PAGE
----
International Economy
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North Korea is sitting on $6 trillion in mineral resources

North Korea is sitting on $6 trillion in mineral resources | International Economy | Scoop.it
It has long been regarded as a poor country.
But as it turns out North Korea is a lot richer than we thought, or at the very least has the potentia
Aman Kanwar's insight:
This article offers an insight into the mechanics of how N.Korea might be funding its military program. Whilst on the face of it the route appears to be via the hidden economy ultimately we are all complicit, albeit unknowingly, with our growing demand for goods made from rare natural resources e.g. smartphones.
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Far from the meddling crowd

Far from the meddling crowd | International Economy | Scoop.it
Economists struggle to answer a vital question
Aman Kanwar's insight:
CROWDING OUT V CROWDING IN - Part 2
This article carries on the debate on the impact of contractionary fiscal policy. It is useful in that it actually provides some evidence for taking a view on this debate as opposed to sitting on the fence!
QUESTIONS (short answers!):
1. What is meant by "expansionary fiscal contraction" (para 2)? 
2. Why might spending cuts crowd in the private sector more effectively than tax rises (para 2)? 
3. What is the evidence for crowding in (last para)?
4. Why are "bureaucrats usually worse at allocating capital than the private sector"? What is the economic consequence of this (para 6)?
5. What is the fundamental problem of economics referred to in para 5? Explain the two way causal connection between increased govt. spending and slower economic growth?

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What it means to suffer from secular stagnation - The Economist explains

What it means to suffer from secular stagnation - The Economist explains | International Economy | Scoop.it
ECONOMICS textbooks talk of “business cycles”. After a recession, they say, economies are supposed to bounce back. So what has gone wrong in the rich world? Following the “great recession” of 2008-09 rich countries struggled to make up the ground that they had lost. Real GDP in the euro zone is still lower than it was in 2009.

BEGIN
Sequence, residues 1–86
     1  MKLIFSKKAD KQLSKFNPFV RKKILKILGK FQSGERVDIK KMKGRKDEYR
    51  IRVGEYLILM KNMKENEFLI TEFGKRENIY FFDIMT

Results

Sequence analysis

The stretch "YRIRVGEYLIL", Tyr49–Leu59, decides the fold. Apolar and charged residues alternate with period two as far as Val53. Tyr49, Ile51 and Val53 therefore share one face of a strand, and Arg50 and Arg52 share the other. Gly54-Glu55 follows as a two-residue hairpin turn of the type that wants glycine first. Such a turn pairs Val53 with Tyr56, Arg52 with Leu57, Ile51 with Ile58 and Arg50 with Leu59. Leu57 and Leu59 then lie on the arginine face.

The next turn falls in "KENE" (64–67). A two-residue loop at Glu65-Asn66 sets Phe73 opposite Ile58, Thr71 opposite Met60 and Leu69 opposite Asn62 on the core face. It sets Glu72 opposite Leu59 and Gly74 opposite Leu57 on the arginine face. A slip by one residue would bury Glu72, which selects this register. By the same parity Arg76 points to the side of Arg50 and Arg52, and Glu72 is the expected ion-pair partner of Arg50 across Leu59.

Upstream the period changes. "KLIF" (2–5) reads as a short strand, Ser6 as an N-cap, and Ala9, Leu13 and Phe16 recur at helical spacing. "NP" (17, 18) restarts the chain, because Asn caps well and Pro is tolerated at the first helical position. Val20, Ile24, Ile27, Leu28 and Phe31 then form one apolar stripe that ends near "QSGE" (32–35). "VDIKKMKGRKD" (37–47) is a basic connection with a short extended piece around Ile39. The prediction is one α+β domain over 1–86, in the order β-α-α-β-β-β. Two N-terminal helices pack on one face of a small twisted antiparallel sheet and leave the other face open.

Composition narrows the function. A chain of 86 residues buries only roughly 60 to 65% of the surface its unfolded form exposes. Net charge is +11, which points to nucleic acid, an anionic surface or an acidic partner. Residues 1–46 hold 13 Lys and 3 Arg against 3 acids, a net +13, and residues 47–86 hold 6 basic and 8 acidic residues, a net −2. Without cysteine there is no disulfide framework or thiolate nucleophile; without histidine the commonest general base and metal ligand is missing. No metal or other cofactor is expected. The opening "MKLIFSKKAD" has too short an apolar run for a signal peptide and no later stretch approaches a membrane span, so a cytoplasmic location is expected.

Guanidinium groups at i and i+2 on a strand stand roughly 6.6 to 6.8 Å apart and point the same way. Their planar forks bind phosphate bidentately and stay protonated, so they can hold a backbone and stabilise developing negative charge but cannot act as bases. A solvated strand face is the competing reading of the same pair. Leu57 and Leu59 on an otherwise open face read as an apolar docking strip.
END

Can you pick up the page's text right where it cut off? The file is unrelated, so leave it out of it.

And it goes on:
Aman Kanwar's insight:
With reference to the article explain what is meant by secular stagnation.
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European Productivity’s Time-Out Is Over

European Productivity’s Time-Out Is Over | International Economy | Scoop.it
Productivity is not everything, but many economic problems can be solved more easily when it grows at a healthy clip.
Aman Kanwar's insight:
This article provides an optimistic perspective on productivity trends. It also summarizes the explanations that are in vogue for the decline in productivity in developed economies since the financial crash.
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Why the oil price is so high

Why the oil price is so high | International Economy | Scoop.it
PERHAPS the most vexing thing for those watching the oil industry is not the whipsawing price of a barrel. It is the constant updating of theories to explain what lies behind it.
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Meet India's dam-building grandmother

Meet India's dam-building grandmother | International Economy | Scoop.it
The female social entrepreneur buildings dams for farms and villages across Rajasthan, India.
Aman Kanwar's insight:
An example of development economics on the ground. Small scale interventions with local community buy-in have the power to change lives sustainably over the long term. 
Note the spillover benefits for female education.
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Globalisation: the rise and fall of an idea that swept the world

Globalisation: the rise and fall of an idea that swept the world | International Economy | Scoop.it
The long read: It’s not just a populist backlash – many economists who once swore by free trade have changed their minds, too. How had they got it so wrong?
Aman Kanwar's insight:
Plenty of application and evaluation on Globalisation and International trade in this article. Note 3 key points that struck you after reading it.
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Subscribe to read

Subscribe to read | International Economy | Scoop.it
Aman Kanwar's insight:
The exercise of monopoly power, e.g. via price fixing cartels as mentioned in this article, are considered to be bad for society and have been made illegal. Despite this, stories of leading international firms being found guilty of "abusing" their monopoly power are routine. The issues that surround this area of economics are not as black and white as they might appear at first sight.

1. Using a supply & demand diagram and the concept of Producer Surplus explain why it is rational for a "profit maximising" firm to exercise its monopoly power and raise the price it charges.

 2. Using the same diagram and the concept of welfare loss explain why the EU has fined the truck companies for working in a cartel to fix prices.

3. Using Game Theory explain how firms can achieve the same outcomes as a price fixing cartel without overt collusion. If regulators permit these outcomes as legal then they are being inconsistent in making price cartels illegal. Discuss.

4. Using a negative externalities diagram explain how the exercise of monopoly power can be seen to lead to a better allocation of resources when negative externalities are present.